It's hard to meet people these days, which is undoubtedly why there are so many dating apps currently on the market. But what if something goes wrong, like really wrong. Can you sue a dating app or website if your date turns out to be dangerous? Unfortunately, the answer may surprise you.
No Special Relationship Between Dating App and App Users
The Communications Decency Act generally bars liability of any dating app for harm happening from a third party user. Turning to state tort law and examining negligence, a duty of care only exists if there is a special relationship between the parties.
In a recent ruling in the Ninth Circuit, no special relationship exists between a dating app user and the app itself. Therefore, without a special relationship, no duty is owed. In that case, Mary Kay Beckman was viciously stabbed and beaten by Wade Riley, whom she was matched with on Match.com. Beckman argued that Match had a duty to warn her that her date was dangerous, but the courts disagreed. With no special relationship established between Match and Beckman, Match didn't even have a duty to warn, let alone any sort of duty to protect.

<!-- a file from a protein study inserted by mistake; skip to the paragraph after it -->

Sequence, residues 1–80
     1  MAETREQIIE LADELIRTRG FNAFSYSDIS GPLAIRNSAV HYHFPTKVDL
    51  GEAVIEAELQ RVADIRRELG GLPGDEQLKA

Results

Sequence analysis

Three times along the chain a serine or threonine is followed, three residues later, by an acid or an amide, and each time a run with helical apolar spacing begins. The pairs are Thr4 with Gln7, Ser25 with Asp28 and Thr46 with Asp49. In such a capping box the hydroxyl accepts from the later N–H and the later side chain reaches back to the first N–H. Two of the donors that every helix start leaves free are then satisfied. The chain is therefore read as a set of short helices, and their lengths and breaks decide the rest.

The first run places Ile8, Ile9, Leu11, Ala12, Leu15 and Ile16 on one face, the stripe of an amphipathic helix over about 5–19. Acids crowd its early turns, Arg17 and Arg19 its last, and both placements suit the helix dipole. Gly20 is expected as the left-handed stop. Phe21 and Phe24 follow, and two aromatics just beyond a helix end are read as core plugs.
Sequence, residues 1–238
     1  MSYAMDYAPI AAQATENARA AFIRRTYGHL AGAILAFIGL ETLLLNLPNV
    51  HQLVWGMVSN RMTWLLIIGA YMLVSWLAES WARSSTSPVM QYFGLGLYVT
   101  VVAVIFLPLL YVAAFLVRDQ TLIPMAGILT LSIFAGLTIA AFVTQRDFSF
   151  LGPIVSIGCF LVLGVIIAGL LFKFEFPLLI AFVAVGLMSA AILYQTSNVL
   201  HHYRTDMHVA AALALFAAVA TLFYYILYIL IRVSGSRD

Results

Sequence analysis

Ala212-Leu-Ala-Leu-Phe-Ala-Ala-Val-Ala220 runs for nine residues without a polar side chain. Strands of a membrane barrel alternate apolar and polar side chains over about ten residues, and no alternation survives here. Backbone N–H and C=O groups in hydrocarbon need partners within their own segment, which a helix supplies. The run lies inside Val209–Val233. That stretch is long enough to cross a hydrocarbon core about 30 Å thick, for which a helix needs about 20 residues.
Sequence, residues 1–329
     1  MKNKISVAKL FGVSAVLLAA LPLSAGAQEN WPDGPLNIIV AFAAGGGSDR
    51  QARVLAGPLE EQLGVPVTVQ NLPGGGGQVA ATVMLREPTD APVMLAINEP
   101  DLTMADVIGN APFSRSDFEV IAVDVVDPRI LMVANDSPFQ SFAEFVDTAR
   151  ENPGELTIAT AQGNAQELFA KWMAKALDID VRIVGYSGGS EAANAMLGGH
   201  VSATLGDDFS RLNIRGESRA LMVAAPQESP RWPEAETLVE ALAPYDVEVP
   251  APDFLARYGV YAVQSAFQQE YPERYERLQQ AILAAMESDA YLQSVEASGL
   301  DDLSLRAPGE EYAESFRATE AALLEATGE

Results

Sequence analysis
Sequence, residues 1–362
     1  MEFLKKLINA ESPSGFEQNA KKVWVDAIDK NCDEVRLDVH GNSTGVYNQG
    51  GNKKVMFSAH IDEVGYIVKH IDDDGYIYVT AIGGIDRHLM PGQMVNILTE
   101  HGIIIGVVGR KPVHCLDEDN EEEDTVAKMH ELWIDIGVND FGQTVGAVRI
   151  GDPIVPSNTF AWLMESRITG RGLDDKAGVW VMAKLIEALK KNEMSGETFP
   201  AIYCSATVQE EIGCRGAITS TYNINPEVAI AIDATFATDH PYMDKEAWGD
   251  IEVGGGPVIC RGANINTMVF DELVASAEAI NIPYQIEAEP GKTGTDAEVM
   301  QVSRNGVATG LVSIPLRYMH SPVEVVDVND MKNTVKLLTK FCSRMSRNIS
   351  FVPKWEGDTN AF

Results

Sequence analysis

Actual Knowledge Can Be Hard to Come By
If, however, a dating app has actual knowledge that someone using their site has been found guilty of committing violent acts so similar that they would rise to the level of foreseeable harm, then it is possible there could be a duty to warn. Unfortunately, dating apps will not go out of their way to find this knowledge. For instance, in the Beckman case, Ridley did have a history of criminal violence, including domestic violence and battery about 10 years prior to this attack. However, Match was unaware of this criminal record and therefore did not have actual knowledge of foreseeable harm.
If you have been hurt, physically or psychologically, from someone you met on a dating app, contact a local personal injury attorney. There may be factors of which you are unaware that could give rise to a duty of care owed by the dating app. At the very least, a legal adviser can help you secure protective orders against your assailant, and may even be able to successfully sue to reimburse you for your costs, as well as pain and suffering.